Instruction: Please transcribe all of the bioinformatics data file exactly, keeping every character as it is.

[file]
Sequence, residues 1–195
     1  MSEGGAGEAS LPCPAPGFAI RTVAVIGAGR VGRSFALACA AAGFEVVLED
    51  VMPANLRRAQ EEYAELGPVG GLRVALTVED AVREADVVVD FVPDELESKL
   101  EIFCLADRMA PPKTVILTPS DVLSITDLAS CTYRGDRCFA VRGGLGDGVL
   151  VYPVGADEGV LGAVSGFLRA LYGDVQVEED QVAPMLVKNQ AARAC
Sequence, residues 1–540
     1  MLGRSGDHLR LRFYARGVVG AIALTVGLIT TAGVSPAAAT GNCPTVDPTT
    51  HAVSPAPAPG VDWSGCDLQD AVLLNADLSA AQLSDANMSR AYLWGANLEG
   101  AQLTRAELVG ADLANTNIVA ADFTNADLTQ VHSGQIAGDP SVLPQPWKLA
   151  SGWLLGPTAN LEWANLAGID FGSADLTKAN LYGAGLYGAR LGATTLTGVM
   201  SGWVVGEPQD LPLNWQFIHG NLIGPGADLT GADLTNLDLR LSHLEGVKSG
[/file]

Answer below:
Sequence, residues 1–195
     1  MSEGGAGEAS LPCPAPGFAI RTVAVIGAGR VGRSFALACA AAGFEVVLED
    51  VMPANLRRAQ EEYAELGPVG GLRVALTVED AVREADVVVD FVPDELESKL
   101  EIFCLADRMA PPKTVILTPS DVLSITDLAS CTYRGDRCFA VRGGLGDGVL
   151  VYPVGADEGV LGAVSGFLRA LYGDVQVEED QVAPMLVKNQ AARAC
Sequence, residues 1–540
     1  MLGRSGDHLR LRFYARGVVG AIALTVGLIT TAGVSPAAAT GNCPTVDPTT
    51  HAVSPAPAPG VDWSGCDLQD AVLLNADLSA AQLSDANMSR AYLWGANLEG
   101  AQLTRAELVG ADLANTNIVA ADFTNADLTQ VHSGQIAGDP SVLPQPWKLA
   151  SGWLLGPTAN LEWANLAGID FGSADLTKAN LYGAGLYGAR LGATTLTGVM
   201  SGWVVGEPQD LPLNWQFIHG NLIGPGADLT GADLTNLDLR LSHLEGVKSG